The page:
Before President Trump’s latest incendiary comments diverted the attention of the political media, Democrats in Washington, D.C., appeared to be barreling toward an intra-party showdown between traditional powers and upstart progressives.

What happens if Colorado Democrats follow suit?

For most of the past two decades, Colorado Democrats have been unified in a sole, all-encompassing mission: turn Colorado from red to blue. That type of unifying direction generally quells serious dissent within a party. Any deviation in ideology takes a back seat to obtaining power.

Mario Nicolais

But you don’t need to look too far into Colorado’s history to see what happens when that party unity fades. The Republican Party collapse over the same time period should serve as a good lesson for Democrats now firmly entrenched as the state’s dominant political party.

Republicans controlled the state legislature for much of our state’s history, generally winning majorities in both the state Senate and state House. However, two Democratic governors, Dick Lamm and Roy Romer, checked those majorities for a quarter century.

When Gov. Bill Owens took office 20 years ago, it ushered in a trifecta of control for Republicans. It didn’t take long for the knives — or more appropriately, the guns — to come out.

Political purity tests began to dominate Republican primaries, not just in safe Republican seats, but across the entire state. Groups like the Rocky Mountain Gun Owners and the Colorado Christian Coalition fomented party division through ever more strident policy positions and a demand for absolute fealty. Any sublte dissent often cost incumbents their seat.

The division quickly cracked the fragile alliance that allowed Republicans to control state political power. Republicans lost the state Senate in 2000 before winning it back in 2002.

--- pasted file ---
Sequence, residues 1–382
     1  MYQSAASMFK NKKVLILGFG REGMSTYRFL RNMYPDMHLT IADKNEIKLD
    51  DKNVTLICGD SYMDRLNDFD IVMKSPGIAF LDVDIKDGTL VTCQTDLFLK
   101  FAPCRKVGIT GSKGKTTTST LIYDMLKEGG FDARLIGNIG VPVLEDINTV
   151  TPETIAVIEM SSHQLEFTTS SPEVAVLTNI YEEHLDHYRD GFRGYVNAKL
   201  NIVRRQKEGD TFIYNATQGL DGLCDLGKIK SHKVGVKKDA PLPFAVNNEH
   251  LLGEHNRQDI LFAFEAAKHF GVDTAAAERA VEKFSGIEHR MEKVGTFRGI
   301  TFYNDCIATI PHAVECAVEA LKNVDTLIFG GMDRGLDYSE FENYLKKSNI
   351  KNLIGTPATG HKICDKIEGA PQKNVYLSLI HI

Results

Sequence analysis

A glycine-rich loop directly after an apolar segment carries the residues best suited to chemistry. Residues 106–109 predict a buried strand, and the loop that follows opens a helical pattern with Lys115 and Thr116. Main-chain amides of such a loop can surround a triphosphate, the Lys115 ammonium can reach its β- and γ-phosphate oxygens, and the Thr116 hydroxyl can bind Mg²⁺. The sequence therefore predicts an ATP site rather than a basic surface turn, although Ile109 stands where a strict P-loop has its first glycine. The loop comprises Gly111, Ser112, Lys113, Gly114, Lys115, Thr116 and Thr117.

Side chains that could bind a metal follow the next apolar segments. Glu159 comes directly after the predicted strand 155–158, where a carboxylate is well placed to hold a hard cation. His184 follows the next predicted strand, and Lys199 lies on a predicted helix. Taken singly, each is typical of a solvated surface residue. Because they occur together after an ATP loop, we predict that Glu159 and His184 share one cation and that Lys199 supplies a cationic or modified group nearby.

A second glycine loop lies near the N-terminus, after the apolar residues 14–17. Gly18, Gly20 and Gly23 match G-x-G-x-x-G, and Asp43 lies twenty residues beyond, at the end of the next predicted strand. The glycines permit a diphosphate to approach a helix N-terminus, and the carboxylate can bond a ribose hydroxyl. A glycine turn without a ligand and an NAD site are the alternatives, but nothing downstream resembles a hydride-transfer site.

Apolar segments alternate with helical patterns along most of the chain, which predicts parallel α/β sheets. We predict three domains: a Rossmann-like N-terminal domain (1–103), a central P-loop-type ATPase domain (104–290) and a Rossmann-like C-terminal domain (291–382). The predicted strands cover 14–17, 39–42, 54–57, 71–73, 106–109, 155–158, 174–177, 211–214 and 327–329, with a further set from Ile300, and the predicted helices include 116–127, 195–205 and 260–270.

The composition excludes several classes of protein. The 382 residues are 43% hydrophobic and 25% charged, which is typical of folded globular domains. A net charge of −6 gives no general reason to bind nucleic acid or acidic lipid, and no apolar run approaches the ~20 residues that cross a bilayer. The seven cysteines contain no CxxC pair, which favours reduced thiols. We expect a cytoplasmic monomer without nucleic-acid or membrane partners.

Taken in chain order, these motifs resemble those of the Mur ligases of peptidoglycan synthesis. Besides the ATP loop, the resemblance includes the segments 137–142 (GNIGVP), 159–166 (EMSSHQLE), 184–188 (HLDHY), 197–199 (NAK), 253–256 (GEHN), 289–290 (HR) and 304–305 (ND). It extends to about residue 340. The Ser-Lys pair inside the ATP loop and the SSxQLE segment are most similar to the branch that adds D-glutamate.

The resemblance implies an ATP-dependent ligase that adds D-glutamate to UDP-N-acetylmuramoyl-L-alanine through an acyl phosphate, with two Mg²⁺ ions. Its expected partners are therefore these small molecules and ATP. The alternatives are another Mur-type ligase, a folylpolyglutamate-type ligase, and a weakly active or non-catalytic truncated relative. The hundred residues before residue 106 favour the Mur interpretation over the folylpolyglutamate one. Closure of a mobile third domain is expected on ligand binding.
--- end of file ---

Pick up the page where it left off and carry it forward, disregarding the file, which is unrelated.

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But in 2004 the extent of the sinkhole created under the Republican Party became evident; their majorities were swallowed by Democrat wins in both houses of the legislature. Since then, Republicans have managed only a few one-vote majorities in either chamber.

The full collapse occurred last year when Democrats swept to historic levels of control in Colorado

As Democrats bask in their newfound power, nearly unassailable from challenges by Republican on the right, could they be in danger of seeing their own slow collapse into internal strife?

Even as Democrats were marching toward their ultimate coronation, fault lines have begun to emerge. 

At the end of 2017, state Sen. Cheri Jahn left the Democratic Party to serve as an unaffiliated legislator. A respected centrist whose ability to capture and retain a Jefferson County seat represented a critical victory for Democrats over the past decade, Jahn no longer felt comfortable in a caucus moving further to the left. 

Jahn’s decision did little to dissuade or even slow the progressive drift of the Democratic Party in Colorado, though. To the contrary, the City of Denver recently elected its first democratic socialist, Councilwoman Candi CdeBaca. She won a runoff election against the more traditionally Democratic Councilman Albus Brooks, attacking him from the left on a series of issues, including development, housing and wages.

New battle lines could be set within the next six to 12 months in the run-up to Democratic nominating caucuses, assemblies and primary elections. Progressives no longer content to hep the party hold seats may begin to demand candidates meet adopt and support positions in line with their beliefs, even if they don’t particularly align with the districts Democrats fought so long and hard to win.

As national figures such as U.S. Rep. Alexandria Ocasio-Cortez continue to publicly lambast moderate Democrats from red-leaning districts, it shouldn’t come as a shock if a few Colorado incumbents find themselves under similar pressure at the state Capitol.

Now that Democrats have finally achieved the power they sought for nearly two decades, will they risk losing it to the political purity tests of those who helped get them there?

Mario Nicolais is an attorney and columnist who writes on law enforcement, the legal system, health care and public policy. Follow him on Twitter: @MarioNicolaiEsq

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